Insects Peppers Tomatoes

Early Season Insect Pests of Tomato

Colorado Potato Beetle.

Colorado potato beetles (CPB) overwinter as adults in the soil and will have 2 or 3 generations in a growing season. The first generation tends to be the one of greatest concern for growers as they can cause a significant amount of damage to young transplants. Tomatoes planted near fields that had potatoes, eggplants or tomatoes in the previous year are at the greatest risk. Scouting for CPB should begin shortly after transplanting. Examine whole plants, looking for egg masses, adults and larva. Early season threshold for CPB is 0.5 adults or larva per plant within the first two weeks of transplanting. Currently, it is common practice to use Admire* in-furrow at planting to control early season CPB. However, with the re-evaluation of this and other group 4A products, like Actara* (same active also in Minecto Duo*) and Assail*, by the Pest Management Regulatory Agency (PMRA), uses and use patterns are likely to change and it is important to start thinking of other options. There are several products available for CPB control, though the beetle is known to be resistant to several of them, including group 1A, 1B and 3A insecticides. Some foliar products that are still expected to have efficacy against CPB include Sivanto Prime, Success or Entrust, Coragen, Exirel, Minecto Pro and Harvanta. Timing of foliar insecticide applications to target young larva is essential to good control and relies heavily on crop scouting.


Black cutworm moths fly into Ontario on south winds, usually in April and May, but have been seen as early as March. Females, generally lay eggs in areas of the field with heavy residue or weeds and where soil moisture is high. Scouting for cutworm should being shortly after transplanting, especially in areas of the fields with high weed pressure prior to tillage. Look for plants that have been cut off at the soil level and dig around the base to find the culprit, being sure to note its size. Small larvae (<2.5cm) are easier to control with insecticides, while larger larvae (>2.5cm) may not warrant control as they will likely stop feeding to pupate soon. The threshold for black cutworm is 5% plant damage. There are several products available for cutworm control. Orthene* can be used as a transplant water treatment prior to planting. After planting options include Sevin, Matador*, permethrin, Voliam Xpress*, Minecto Duo*, Success or Entrust, Delegate, Intrepid, Coragen, Exirel and Minecto Pro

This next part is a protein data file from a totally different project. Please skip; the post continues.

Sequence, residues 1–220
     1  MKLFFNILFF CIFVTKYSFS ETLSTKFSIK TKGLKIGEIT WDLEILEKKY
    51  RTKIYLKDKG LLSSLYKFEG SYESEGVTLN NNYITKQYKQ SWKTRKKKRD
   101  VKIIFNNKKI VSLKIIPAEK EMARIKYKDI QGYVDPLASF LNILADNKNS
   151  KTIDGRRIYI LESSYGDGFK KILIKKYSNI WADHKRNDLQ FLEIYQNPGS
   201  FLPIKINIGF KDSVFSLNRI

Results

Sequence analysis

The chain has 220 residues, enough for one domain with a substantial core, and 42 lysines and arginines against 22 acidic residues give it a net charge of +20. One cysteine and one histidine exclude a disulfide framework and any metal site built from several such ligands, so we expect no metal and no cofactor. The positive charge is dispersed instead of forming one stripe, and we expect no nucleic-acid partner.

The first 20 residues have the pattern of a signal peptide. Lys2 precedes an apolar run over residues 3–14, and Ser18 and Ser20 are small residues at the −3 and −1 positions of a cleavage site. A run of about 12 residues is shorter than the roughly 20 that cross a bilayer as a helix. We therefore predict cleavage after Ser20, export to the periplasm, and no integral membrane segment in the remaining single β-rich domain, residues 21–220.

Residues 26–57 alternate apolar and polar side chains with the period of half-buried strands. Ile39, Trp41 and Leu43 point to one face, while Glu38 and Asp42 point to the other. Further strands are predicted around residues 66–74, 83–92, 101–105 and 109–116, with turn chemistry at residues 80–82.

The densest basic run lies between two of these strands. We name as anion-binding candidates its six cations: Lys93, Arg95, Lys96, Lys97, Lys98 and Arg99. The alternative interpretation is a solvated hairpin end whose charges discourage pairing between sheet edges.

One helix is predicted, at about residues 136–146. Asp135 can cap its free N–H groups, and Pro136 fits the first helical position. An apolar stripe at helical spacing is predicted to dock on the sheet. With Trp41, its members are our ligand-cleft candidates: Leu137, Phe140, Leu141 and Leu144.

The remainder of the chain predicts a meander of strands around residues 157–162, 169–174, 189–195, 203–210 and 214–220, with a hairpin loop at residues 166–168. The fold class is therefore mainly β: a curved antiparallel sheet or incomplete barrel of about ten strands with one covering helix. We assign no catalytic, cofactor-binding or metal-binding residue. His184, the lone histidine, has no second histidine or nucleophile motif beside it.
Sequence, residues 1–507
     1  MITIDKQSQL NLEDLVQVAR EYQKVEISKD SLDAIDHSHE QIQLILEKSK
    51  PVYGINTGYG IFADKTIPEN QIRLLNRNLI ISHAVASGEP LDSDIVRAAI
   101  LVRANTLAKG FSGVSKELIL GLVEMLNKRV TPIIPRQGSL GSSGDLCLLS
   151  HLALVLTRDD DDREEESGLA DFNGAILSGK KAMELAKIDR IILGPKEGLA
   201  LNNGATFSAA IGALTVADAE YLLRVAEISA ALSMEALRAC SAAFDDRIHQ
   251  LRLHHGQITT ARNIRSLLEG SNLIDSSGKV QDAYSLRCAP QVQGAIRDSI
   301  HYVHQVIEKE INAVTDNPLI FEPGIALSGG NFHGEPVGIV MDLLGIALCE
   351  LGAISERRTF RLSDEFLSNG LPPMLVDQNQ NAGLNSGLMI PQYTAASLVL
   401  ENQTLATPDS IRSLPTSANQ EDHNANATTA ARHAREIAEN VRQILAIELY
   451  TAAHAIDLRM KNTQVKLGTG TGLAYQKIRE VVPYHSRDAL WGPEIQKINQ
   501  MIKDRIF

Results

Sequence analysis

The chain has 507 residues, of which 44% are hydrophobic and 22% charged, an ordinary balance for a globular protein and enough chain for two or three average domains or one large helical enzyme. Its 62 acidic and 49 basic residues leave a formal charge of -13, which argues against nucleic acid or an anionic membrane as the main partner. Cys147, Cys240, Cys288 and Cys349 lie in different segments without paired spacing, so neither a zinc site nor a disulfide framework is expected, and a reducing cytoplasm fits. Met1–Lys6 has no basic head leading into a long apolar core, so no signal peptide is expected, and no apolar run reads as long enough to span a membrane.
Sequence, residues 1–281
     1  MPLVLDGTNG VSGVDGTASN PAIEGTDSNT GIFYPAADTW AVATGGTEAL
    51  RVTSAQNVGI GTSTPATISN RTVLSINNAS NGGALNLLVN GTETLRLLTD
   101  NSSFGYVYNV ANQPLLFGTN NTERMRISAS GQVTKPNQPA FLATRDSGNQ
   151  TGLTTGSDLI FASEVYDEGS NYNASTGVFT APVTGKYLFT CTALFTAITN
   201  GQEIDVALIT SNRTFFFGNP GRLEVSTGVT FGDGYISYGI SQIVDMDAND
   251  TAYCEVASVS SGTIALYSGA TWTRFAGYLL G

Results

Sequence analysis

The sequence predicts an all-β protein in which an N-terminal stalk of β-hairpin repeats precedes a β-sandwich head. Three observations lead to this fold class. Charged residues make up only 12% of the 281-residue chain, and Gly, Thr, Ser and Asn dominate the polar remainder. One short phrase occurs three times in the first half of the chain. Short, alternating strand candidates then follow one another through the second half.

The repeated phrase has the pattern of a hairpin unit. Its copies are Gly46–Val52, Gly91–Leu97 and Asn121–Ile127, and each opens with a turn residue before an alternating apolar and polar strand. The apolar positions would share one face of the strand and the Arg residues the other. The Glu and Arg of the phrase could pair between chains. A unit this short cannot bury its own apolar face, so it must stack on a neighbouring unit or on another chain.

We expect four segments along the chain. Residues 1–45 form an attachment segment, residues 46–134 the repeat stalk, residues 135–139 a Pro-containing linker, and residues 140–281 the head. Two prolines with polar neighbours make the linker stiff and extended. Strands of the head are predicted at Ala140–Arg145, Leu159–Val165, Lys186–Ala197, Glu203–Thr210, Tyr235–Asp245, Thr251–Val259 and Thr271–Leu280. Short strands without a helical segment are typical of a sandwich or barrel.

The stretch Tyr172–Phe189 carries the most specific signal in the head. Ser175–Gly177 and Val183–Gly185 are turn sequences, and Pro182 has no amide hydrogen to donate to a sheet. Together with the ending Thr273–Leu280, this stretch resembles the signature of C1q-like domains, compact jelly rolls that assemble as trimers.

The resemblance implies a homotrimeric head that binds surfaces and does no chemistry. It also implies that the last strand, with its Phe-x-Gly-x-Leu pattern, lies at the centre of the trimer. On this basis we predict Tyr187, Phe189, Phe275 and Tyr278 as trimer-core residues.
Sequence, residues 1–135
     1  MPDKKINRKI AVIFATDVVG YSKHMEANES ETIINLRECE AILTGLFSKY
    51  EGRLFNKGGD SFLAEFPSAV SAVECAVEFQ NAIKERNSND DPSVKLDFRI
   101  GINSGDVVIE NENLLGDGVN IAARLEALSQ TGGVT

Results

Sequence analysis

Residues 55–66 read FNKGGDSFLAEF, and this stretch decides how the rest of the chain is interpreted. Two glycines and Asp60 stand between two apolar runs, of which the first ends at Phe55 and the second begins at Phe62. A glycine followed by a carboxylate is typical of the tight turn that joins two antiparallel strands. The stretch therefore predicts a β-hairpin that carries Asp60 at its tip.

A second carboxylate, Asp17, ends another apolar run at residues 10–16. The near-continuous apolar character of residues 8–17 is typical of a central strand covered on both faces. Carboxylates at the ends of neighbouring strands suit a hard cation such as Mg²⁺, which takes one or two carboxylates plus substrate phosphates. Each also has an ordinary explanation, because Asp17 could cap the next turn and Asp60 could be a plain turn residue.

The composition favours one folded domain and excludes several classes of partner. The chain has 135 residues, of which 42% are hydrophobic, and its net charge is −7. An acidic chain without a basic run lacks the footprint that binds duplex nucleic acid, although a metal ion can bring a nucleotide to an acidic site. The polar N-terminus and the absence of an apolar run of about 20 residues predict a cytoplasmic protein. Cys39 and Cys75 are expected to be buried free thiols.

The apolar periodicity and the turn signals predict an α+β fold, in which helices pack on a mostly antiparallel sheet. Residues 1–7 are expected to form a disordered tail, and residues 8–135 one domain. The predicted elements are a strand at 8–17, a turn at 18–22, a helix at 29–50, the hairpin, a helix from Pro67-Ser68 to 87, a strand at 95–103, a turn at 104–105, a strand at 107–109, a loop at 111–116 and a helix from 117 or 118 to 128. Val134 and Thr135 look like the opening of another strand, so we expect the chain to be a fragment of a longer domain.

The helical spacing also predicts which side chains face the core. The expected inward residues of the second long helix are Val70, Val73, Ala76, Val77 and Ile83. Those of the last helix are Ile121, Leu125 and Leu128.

Large caterpillar, green to brown in colour with  small black spots and a distinct  off-white to tan head capsule.
Black cutworm larva


Wireworms can be problem, more so in cool, wet springs, when they can remain in the root zone for a longer period of time. They tend to be more of an issue on sandier soil and cause damage by cutting portions of the plants roots and stem underground. Scouting for wireworms can start as early as mid-April by placing two baiting stations in the field at high-action sites, such as sandy knolls or in heavy grass infestations. To create a baiting station, dig a hole approximately 15 cm wide and 5-8 cm deep. Bury a nylon mesh bag containing 1 cup of untreated, soaked corn and wheat mixture or 1 cup of freshly cut potatoes. Be sure to mound the soil over the baiting station to prevent standing water and mark the location with a coloured flag. A few days before planting, dig up the bags and record the number of larvae found at each station. Most wireworm species take 2-5 years to complete their development, so identifying problem fields early and implementing control strategies prior to crop planting is important. Orthene* can be used as a transplant water treatment prior to planting, but there are no products registered for wireworm control on tomatoes once plants are in the ground.

Medium sized, slender, gold to copper coloured larva in moist soil.

Always read labels carefully before using any pest control products. 

* products contain at least one active ingredient currently under re-evaluation by the PMRA. Uses and use patterns may change upon completion.

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